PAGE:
Saturday, October 23, 2010

A New Beginning

In anticipation of sharing our experiences this winter in Patzcuaro, Michoacan, Mexico, I am resurrecting this blog--"Tercer Edad." I intend to post frequently, with photos and maps, so our friends can keep track of what we're doing during our 5-month winter getaway. Some getaway--Patzcuaro is the same altitude as Salida, although farther south, but still chilly during the December-January period. Our rental house has 3 fireplaces, and the rental agent has ordered a load of oak firewood, so I assume we will be able to stay warm.

Mexican houses make no provision for passive solar heat--although neither do houses in Salida, now that I think about it--so the houses are usually cool during the "winter." On the other hand, the climate starting in February is sublime. By mid-May it's getting hot until the rains begin in June. The summer in Patzcuaro is cool and rainy, and the entire landscape turns green. Many people prefer the summer with the rain and the explosion of flowers. I hope someday to experience that. The same thing happens on the beach, but the temps and humidity are much higher. People who live year-round on the beach tell us that each summer brings a decision--can I stand it one more time? Very much like the folks in Alaska in November, when the days are getting short--can I stand it one more time?

We chose Patzcuaro for several reasons. First, we like the town. We've been there 3 times, and each time we've enjoyed it more. Finally we decided to spend time there to really experience and understand it. There's a modest ex-pat community--probably 400-500--in a total population of about 80,000, so our presence isn't affecting the local community as much as it does in San Miguel de Allende, where the ex-pats are about 10% of the population. It has a rich indigenous heritage, and the surrounding villages are focused on crafts and artisanal products. Vasco de Quiroga came from Spain with the intent to reproduce Thomas More's Utopia, and by encouraging the villages around the lake to specialize in their traditional crafts, we are the the recipients of his enlightened ideas. The main plaza (Plaza Grande) is named for him, and the Purepecha (the local indigenous) called him "Tata," grandfather. Plaza Gertrudis Bocanegra, or Plaza Chica (Small Plaza), is named for a heroine of the Independence who died by firing squad for her assistance to the rebels--she warned Hidalgo and the others when they were about to be captured. She is commemorated all over Mexico.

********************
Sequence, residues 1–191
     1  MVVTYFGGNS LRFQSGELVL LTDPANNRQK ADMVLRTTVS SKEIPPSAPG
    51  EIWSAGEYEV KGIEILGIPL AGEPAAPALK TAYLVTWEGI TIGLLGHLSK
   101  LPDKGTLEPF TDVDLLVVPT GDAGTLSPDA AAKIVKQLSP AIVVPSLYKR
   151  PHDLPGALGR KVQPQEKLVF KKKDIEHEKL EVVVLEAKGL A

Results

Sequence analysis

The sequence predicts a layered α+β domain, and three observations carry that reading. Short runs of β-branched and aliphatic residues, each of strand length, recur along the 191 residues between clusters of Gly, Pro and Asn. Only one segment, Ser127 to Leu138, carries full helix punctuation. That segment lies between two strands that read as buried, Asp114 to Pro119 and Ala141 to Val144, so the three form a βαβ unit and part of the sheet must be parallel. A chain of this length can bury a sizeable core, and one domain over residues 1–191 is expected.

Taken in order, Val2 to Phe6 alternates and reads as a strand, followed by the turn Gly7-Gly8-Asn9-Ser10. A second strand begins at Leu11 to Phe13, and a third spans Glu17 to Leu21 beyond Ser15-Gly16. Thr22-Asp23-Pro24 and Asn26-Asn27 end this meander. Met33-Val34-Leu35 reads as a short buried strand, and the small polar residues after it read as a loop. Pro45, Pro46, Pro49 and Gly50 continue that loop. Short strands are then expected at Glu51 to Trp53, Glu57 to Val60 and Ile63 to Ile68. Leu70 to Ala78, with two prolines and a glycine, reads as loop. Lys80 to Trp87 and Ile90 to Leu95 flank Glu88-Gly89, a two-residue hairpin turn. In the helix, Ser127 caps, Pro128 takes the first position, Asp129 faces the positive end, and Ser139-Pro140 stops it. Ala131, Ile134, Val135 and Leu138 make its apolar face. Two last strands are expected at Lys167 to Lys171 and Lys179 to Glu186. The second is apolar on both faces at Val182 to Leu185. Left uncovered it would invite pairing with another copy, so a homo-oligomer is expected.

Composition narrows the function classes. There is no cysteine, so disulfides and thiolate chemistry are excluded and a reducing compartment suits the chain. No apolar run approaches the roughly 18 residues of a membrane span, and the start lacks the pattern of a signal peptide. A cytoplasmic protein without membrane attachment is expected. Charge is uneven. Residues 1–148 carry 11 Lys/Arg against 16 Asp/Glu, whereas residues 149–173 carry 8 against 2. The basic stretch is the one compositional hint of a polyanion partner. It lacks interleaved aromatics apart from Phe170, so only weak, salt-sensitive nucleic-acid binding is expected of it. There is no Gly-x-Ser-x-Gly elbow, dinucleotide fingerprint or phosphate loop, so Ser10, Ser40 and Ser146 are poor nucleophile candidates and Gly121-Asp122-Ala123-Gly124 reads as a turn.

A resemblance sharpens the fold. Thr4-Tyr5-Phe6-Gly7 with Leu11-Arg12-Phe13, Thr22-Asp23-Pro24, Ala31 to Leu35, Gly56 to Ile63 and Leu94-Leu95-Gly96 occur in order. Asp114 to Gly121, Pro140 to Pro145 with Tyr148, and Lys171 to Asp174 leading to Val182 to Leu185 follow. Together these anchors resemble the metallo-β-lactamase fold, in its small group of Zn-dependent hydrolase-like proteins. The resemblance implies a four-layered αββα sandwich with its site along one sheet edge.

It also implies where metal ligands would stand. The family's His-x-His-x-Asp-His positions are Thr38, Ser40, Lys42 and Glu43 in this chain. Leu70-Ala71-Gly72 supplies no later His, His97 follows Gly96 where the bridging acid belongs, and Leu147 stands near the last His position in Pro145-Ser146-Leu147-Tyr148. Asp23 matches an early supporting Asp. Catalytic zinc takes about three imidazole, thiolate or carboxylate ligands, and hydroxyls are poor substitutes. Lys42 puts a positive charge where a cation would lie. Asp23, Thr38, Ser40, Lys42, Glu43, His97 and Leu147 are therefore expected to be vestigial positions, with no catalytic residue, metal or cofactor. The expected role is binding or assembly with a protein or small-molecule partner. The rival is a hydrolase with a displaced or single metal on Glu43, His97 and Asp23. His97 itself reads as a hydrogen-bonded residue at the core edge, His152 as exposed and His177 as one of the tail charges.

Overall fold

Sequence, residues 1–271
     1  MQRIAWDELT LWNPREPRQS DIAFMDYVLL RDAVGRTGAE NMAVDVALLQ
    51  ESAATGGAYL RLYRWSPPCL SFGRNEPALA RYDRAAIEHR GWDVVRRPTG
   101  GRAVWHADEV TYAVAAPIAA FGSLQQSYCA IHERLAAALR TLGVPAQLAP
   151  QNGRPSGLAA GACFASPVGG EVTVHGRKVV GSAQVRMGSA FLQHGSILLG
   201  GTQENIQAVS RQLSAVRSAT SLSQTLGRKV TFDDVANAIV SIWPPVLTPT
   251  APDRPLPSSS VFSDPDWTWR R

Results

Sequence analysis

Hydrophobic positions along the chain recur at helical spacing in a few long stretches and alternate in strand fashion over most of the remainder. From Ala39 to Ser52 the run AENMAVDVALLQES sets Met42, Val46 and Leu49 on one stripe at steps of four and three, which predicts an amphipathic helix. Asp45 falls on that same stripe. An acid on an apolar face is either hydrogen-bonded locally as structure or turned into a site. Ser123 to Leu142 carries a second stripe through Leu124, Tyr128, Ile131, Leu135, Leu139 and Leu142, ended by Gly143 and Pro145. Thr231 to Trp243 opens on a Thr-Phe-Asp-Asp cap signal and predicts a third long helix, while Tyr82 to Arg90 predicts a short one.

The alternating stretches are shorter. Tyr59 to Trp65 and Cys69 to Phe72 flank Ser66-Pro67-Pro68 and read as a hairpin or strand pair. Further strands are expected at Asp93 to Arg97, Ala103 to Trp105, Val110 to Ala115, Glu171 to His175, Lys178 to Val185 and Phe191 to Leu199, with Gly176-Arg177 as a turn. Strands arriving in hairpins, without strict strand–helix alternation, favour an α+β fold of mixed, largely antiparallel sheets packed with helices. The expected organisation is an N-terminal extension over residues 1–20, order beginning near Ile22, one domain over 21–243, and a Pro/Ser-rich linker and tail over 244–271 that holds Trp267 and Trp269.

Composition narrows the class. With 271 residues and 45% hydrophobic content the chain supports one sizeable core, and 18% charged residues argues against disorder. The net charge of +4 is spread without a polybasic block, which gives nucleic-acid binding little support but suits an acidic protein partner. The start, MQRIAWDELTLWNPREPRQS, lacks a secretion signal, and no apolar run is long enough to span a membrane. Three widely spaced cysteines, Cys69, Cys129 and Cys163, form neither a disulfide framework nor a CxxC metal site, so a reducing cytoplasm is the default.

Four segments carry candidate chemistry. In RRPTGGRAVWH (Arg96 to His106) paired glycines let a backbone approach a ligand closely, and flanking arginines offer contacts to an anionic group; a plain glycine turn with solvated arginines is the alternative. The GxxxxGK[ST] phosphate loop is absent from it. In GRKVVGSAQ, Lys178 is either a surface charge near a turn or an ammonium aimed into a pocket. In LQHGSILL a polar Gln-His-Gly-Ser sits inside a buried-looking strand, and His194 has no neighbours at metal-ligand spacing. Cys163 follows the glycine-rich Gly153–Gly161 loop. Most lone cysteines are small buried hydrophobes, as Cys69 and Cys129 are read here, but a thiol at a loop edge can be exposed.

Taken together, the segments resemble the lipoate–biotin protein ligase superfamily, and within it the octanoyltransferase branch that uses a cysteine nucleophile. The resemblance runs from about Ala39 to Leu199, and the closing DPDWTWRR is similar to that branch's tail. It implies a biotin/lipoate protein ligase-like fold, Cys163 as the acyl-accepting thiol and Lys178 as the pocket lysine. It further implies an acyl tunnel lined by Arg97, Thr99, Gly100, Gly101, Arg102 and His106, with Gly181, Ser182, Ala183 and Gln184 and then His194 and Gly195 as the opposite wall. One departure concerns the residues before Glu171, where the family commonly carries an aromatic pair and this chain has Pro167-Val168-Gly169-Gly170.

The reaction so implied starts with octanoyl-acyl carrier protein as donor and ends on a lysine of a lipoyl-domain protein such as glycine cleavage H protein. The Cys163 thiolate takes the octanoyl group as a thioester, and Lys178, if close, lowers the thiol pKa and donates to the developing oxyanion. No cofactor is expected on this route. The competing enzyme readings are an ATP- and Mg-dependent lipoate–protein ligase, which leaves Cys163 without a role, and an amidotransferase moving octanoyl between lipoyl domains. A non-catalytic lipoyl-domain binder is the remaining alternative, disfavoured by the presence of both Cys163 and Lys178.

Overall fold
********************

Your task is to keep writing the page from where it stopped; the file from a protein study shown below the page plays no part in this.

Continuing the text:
Second, there is a large printmaking studio in the ex-collegio jesuita building about 3 blocks from our rental house. I will be spending time there learning a new lithography technique that isn't as toxic as convential litho--which wouldn't be hard. There is a major movement toward non-toxic printmaking, and this litho technique is very promising. I am bringing studio supplies as my contribution in exchange for being able to work in this well-equipped, government-sponsored print studio. In Mexico there is much support for the arts, in both large and small venues.

As for preparations, right now I am trying to figure out what we need vs. what we can take. Our truck, a Ford Ranger, is black, and that seems to be a magnet color for the bad guys who hijack vehicles. On the other hand, it's a 10-year-old Ranger, not a high-end truck, and it doesn't have the 4-door style that they seem to like. Mark says we should put big pink flower decals all over it--what macho bad guy would want a truck like that? I also suggested we could quickly spray paint it pink. That could be fun!

The other choice is our 1991 Subarau Legacy, with 247,000 miles on it and no airbags. It has much less storage area, but it also is a pleasure to drive and very comfortable. It all will come down to how much stuff we have to take. I will need my art supplies and the materials I'm contributing to the studio, some paper, my kitchen gear, clothes--I'll just have to see how big the pile is when the time comes to leave. Stay tuned.